Theodore Stuart Brodie

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Lieutenant-Commander Theodore Stuart Brodie (19 January, 1884 – 17 April, 1915) was a submarine officer in the Royal Navy who was killed at the Dardanelles in 1915. He could play the violin.

Life & Career

Theodore Brodie was the son of the iron founder George Gordon Brodie of Birmingham. He entered the Royal Navy with the September 1898 intake term of Britannia, scoring 2610 marks on his entrance examination to narrowly beat his twin brother, Charles Gordon Brodie, being sixth of sixty-six candidates accepted for that term.[1] Both would go on to become submariners.

Theodore Brodie gained eight months' time on passing out of Britannia. He served in Mars in the Channel and then Royal Arthur on the Australian Station. In 1904 and through 1905, he served in a variety of destroyers, including Blackwater, Gipsy, Blackwater, Sylvia, Ostrich and Kennet, being promoted to the rank of Lieutenant on 19 January, 1905.[2]

From 15 August, 1905 Brodie commenced a series of appointments to battleships, including Magnificent, Barfleur, Prince George and Hindustan.

Brodie left Hindustan when he was appointed to Mercury for instruction in submarines on 13 January, 1908. Later that year, he started serving in submarines she was tending to. On 15 January, 1910, he was appointed in command of C 36. On 15 December, 1910 Brodie was appointed in command of C 33. Brodie was appointed to the submarine D 8 on 8 November, 1911, to assume command upon her commissioning. He suffered a bout of influenza at Chtham Hospital between 26 February and 6 March, 1912.[3]

Brodie was promoted to the rank of Lieutenant-Commander on 19 January, 1913.[4]

Brodie was appointed to the submarine E 15 on 2 September, 1914, to assume command upon her commissioning. He would prove to be her only-ever commander, as he died in the Sea of Marmora aboard E 15 on 17 April, 1915 with five of his crew. Initially reported by telegram from Mudros as having been taken prisoner, his death was finally confirmed by the U.S. Ambassador at Constantinople on 12 May, 1915.[5][6]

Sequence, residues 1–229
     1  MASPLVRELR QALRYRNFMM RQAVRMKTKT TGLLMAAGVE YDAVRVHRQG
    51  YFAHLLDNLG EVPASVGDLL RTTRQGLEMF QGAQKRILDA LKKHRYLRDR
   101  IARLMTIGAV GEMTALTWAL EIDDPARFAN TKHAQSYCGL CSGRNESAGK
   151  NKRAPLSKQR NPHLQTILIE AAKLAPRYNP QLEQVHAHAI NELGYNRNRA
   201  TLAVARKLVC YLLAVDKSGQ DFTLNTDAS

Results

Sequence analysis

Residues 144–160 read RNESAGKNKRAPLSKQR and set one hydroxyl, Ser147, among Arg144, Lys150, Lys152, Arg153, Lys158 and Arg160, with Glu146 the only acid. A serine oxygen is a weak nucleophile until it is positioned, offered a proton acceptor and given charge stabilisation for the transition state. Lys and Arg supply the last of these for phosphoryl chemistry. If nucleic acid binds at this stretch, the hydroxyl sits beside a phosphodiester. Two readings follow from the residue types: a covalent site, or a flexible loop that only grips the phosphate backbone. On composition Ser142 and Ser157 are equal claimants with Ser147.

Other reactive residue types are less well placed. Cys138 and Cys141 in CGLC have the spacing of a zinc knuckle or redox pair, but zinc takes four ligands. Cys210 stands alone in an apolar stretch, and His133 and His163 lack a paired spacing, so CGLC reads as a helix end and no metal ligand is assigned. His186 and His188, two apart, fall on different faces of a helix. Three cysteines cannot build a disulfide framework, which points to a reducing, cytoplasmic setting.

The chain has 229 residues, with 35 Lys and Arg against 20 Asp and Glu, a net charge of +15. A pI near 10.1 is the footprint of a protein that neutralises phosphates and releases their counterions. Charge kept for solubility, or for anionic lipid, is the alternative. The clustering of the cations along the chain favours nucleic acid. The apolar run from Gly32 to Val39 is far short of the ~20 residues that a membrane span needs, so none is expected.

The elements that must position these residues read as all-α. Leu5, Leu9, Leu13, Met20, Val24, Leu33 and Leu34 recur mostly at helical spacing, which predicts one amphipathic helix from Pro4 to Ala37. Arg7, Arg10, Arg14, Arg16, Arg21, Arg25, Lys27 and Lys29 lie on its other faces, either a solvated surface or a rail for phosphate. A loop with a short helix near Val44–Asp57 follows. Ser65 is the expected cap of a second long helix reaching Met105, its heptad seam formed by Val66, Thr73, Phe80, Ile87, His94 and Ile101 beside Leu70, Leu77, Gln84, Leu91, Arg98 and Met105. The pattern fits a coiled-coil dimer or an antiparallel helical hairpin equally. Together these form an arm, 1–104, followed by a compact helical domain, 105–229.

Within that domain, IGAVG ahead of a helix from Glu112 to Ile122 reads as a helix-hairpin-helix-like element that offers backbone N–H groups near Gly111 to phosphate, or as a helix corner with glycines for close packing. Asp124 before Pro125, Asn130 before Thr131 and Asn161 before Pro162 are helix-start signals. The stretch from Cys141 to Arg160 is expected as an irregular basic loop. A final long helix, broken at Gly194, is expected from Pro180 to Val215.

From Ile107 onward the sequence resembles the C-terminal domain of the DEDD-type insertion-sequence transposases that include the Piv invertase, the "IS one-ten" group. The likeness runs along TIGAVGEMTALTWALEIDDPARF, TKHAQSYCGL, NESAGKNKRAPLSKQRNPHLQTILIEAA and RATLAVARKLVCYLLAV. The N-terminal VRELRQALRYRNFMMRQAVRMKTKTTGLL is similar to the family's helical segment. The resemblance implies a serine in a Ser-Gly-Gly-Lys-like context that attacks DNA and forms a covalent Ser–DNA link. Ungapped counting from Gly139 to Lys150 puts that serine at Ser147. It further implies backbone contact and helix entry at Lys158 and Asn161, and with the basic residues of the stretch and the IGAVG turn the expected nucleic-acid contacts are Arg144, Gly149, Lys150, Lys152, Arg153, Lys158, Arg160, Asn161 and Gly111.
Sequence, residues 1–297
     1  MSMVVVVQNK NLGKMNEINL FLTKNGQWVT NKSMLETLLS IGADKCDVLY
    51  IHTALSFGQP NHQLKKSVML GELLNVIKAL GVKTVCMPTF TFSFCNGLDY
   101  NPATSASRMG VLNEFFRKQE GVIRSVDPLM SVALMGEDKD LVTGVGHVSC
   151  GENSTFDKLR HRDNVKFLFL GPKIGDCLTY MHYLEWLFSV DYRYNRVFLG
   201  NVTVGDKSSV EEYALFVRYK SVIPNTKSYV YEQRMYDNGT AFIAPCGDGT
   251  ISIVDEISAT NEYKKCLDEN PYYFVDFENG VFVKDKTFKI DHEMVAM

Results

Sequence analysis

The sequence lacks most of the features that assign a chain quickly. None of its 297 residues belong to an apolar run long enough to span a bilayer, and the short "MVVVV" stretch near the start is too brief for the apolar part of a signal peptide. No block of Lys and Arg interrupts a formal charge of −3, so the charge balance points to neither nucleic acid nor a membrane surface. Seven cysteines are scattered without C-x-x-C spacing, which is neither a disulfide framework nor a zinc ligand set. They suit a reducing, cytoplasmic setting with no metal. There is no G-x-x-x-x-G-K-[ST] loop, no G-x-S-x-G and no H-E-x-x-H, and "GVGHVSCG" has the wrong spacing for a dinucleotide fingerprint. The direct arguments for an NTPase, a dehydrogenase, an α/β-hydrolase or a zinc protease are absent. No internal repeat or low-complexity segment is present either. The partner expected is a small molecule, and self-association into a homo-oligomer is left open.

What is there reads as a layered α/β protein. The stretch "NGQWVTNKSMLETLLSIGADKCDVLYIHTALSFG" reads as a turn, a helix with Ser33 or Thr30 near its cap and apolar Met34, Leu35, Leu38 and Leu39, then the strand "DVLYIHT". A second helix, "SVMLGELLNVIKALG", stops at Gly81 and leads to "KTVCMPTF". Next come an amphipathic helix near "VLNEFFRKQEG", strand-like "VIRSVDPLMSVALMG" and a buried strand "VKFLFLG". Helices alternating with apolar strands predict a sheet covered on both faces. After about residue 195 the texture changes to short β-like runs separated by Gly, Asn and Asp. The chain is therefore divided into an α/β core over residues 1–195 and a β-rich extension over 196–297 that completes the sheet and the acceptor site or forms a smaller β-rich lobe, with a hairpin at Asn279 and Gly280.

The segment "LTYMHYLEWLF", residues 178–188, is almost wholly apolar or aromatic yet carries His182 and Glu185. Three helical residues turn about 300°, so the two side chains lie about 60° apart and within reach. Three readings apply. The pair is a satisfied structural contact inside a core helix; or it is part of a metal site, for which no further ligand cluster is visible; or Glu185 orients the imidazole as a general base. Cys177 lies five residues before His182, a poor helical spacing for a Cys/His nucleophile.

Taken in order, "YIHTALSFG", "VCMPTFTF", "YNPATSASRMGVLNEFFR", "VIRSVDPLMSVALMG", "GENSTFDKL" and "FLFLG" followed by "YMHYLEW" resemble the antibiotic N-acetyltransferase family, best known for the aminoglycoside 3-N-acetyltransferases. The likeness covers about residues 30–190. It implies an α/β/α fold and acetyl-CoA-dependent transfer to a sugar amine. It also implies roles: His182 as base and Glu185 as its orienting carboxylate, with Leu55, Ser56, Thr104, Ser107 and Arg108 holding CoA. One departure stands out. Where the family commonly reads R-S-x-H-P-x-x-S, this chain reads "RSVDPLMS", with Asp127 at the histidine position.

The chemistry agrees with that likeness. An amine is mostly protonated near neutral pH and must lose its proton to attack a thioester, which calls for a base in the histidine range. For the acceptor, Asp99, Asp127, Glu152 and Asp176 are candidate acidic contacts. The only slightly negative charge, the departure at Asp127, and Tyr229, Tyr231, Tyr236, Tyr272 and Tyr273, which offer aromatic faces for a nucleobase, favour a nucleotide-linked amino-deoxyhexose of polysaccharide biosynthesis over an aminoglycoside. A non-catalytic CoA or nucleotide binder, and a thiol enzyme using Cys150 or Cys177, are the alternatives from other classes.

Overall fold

See Also

Naval Appointments
Preceded by
?
Captain of H.M.S. C 36
15 Jan, 1910[7][8] – 15 Dec, 1910[9]
Succeeded by
Godfrey Herbert
Preceded by
Godfrey Herbert
Captain of H.M.S. C 33
15 Dec, 1910 – 8 Nov, 1911[10]
Succeeded by
Gerald E. B. Carter
Preceded by
New Command
Captain of H.M.S. D 8
8 Nov, 1911[11] – 15 Oct, 1912[12]
Succeeded by
William J. Foster
Preceded by
New Command
Captain of H.M.S. E 15
2 Sep, 1914[13] – 17 Apr, 1915[14]
Succeeded by
Vessel Lost

Footnotes

  1. "Naval & Military Intelligence." The Times (London, England), Wednesday, Aug 10, 1898; pg. 6; Issue 35591.
  2. Brodie Service Record. The National Archives. ADM 196/49/3. f. ?.
  3. Brodie Service Record. The National Archives. ADM 196/49/3. f. ?.
  4. Brodie Service Record. The National Archives. ADM 196/49/3. f. ?.
  5. Brodie Service Record. The National Archives. ADM 196/49/3. f. ?.
  6. Kindell. Royal Navy Roll of Honour Part 2. p. 82.
  7. Brodie Service Record. The National Archives. ADM 196/49/3. f. ?.
  8. The Navy List. (April, 1910). p. 344.
  9. Brodie Service Record. The National Archives. ADM 196/49/3. f. ?.
  10. Brodie Service Record. The National Archives. ADM 196/49/3. f. ?.
  11. Brodie Service Record. The National Archives. ADM 196/49/3. f. ?.
  12. Brodie Service Record. The National Archives. ADM 196/49/3. f. ?.
  13. Brodie Service Record. The National Archives. ADM 196/49/3. f. ?.
  14. Hepper. British Warship Losses in the Ironclad Era: 1860-1919. p. 35.